I’ve spent the past couple of weeks, aside from hiking and camping, in the Alaska Room at the Loussac Library, poring through old books about Alaska – specifically, dozens of books in the public domain, published before 1923.

The books run quite the gamut. Everyone who’d visited the territory in those days had stories to tell. It’s easy to imagine eager readers dreaming of Klondike gold and adventure, turning page after page to find out what this place was all about.

The same topics drew almost every author’s pen: burial customs of the native peoples, totem poles, the trials of the trail. Wild predictions are made: reindeer will haul cargo over mountain passes; the territory will become an agricultural mecca. Perceptions of Alaskan natives are mostly steeped in prejudice and misunderstanding.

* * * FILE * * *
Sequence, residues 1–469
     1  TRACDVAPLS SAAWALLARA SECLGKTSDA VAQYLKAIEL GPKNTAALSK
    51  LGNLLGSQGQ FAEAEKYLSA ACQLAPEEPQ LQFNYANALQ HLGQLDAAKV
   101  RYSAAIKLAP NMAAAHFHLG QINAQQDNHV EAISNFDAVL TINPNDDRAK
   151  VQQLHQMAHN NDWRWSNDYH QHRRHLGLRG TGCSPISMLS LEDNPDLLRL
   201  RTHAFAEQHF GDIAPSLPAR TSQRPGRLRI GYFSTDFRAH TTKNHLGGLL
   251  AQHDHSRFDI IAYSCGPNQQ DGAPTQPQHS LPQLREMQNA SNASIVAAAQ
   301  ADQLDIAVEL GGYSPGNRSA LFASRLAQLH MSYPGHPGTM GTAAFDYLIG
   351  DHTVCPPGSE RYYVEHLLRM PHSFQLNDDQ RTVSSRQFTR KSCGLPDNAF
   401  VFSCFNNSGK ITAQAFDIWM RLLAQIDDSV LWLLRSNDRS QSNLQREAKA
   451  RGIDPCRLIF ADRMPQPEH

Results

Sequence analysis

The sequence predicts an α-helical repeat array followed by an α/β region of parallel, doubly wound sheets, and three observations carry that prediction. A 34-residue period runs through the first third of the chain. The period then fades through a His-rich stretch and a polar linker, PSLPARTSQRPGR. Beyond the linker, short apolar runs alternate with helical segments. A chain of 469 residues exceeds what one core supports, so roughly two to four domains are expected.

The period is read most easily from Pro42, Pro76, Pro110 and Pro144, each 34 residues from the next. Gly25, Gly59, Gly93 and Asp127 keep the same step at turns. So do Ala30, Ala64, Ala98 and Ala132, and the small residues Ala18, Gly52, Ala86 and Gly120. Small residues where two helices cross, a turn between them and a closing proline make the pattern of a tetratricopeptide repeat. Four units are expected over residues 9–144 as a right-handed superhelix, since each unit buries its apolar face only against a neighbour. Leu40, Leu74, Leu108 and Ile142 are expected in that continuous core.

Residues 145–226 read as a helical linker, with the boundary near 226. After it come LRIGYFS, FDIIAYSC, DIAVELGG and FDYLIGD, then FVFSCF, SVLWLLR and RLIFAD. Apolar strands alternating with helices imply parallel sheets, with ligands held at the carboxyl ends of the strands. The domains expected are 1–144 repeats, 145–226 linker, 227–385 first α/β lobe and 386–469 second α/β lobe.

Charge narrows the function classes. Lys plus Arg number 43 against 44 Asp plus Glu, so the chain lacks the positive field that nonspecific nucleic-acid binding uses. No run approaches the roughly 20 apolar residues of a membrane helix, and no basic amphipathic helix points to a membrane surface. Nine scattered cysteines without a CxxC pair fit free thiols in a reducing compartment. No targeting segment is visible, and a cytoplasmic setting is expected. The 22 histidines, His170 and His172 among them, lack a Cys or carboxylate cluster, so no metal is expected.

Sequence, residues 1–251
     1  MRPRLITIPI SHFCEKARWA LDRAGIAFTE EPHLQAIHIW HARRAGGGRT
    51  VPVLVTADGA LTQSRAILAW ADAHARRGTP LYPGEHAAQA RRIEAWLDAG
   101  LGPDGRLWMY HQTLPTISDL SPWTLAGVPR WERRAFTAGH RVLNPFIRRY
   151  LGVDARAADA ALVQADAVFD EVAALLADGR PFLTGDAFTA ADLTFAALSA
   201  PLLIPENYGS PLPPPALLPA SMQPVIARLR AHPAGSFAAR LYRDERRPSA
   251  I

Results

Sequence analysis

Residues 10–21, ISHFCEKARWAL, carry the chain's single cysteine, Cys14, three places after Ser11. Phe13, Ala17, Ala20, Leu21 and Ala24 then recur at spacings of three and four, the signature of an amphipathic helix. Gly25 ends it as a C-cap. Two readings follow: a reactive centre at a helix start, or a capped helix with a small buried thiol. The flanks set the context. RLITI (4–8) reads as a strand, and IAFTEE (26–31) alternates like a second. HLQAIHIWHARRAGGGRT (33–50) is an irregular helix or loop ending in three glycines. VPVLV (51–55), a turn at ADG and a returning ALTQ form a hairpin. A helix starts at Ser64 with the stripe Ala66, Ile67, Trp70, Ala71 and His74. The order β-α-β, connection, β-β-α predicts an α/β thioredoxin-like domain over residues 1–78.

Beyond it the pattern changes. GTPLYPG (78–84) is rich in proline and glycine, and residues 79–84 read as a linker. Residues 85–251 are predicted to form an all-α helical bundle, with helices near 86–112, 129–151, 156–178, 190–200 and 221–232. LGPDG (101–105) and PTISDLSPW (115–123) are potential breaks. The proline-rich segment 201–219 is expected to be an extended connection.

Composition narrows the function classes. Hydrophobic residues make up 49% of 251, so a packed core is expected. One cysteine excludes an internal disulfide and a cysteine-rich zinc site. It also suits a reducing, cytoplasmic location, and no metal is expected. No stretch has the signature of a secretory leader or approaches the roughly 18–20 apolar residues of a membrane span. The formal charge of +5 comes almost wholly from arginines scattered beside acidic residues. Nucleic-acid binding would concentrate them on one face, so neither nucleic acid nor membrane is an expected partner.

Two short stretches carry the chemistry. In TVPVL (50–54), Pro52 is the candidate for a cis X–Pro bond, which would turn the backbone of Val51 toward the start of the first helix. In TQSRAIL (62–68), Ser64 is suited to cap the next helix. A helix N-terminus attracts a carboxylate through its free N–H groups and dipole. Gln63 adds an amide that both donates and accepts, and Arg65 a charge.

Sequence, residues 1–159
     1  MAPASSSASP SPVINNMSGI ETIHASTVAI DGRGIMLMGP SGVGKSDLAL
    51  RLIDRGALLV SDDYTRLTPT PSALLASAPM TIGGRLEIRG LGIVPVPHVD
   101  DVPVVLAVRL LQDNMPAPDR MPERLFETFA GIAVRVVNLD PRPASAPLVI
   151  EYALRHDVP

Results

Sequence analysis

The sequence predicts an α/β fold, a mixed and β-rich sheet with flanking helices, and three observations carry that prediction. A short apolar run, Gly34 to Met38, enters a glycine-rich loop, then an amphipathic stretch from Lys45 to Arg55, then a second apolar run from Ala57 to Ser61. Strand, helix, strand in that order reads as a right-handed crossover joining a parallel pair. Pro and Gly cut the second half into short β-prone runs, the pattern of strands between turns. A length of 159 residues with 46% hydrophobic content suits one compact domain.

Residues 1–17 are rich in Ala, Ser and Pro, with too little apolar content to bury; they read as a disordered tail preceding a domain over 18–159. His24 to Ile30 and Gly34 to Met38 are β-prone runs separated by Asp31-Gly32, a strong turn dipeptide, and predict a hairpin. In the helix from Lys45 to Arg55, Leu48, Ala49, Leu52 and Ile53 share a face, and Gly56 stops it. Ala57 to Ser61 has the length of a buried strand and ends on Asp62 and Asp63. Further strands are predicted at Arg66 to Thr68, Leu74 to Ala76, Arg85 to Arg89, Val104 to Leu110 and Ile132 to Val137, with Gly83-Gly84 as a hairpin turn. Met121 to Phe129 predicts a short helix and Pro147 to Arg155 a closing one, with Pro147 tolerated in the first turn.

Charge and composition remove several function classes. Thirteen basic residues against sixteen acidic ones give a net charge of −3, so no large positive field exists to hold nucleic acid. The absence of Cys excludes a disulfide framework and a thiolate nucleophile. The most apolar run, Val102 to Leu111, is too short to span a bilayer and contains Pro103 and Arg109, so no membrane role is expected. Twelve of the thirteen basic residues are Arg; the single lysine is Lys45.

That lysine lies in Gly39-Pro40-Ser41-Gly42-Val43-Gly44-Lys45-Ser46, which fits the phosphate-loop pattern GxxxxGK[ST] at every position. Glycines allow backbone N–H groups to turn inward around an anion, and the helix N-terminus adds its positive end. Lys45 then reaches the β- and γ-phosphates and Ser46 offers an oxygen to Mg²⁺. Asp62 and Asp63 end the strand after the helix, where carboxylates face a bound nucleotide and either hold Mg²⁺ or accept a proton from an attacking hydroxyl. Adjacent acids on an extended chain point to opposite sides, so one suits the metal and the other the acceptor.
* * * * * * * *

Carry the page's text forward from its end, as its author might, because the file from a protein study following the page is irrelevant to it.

Much of the prose is flowery and overwrought. Readers today can be thankful styles have changed. Some is funny: “Log cabins stuffed with moss should be wonderful in the tropics. I’m about frozen,” wrote Rockwell Kent. Some is brutally honest: “We had no time for amusement,” wrote William Standley. “Our routine was to work a great deal, sleep a little and eat when we had the stuff.”

Not much of it is great literature, but all of it illuminates our past.

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